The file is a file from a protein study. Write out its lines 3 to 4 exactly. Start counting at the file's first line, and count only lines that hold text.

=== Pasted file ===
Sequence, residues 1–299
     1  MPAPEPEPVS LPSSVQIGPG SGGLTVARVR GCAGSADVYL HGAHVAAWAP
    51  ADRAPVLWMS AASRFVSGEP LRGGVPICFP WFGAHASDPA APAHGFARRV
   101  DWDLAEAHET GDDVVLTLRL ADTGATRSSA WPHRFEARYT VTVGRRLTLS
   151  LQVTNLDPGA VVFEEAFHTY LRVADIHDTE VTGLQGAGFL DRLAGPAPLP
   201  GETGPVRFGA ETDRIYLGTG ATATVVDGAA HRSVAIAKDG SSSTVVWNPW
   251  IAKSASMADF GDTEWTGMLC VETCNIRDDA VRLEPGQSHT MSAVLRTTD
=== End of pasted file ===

    51  ADRAPVLWMS AASRFVSGEP LRGGVPICFP WFGAHASDPA APAHGFARRV
   101  DWDLAEAHET GDDVVLTLRL ADTGATRSSA WPHRFEARYT VTVGRRLTLS